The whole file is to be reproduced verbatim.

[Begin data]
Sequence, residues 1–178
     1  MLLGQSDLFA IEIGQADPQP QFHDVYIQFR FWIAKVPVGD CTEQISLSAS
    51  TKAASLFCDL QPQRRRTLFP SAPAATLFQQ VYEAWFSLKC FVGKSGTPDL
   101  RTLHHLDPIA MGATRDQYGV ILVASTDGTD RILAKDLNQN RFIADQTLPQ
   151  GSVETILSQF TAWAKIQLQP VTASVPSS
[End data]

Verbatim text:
Sequence, residues 1–178
     1  MLLGQSDLFA IEIGQADPQP QFHDVYIQFR FWIAKVPVGD CTEQISLSAS
    51  TKAASLFCDL QPQRRRTLFP SAPAATLFQQ VYEAWFSLKC FVGKSGTPDL
   101  RTLHHLDPIA MGATRDQYGV ILVASTDGTD RILAKDLNQN RFIADQTLPQ
   151  GSVETILSQF TAWAKIQLQP VTASVPSS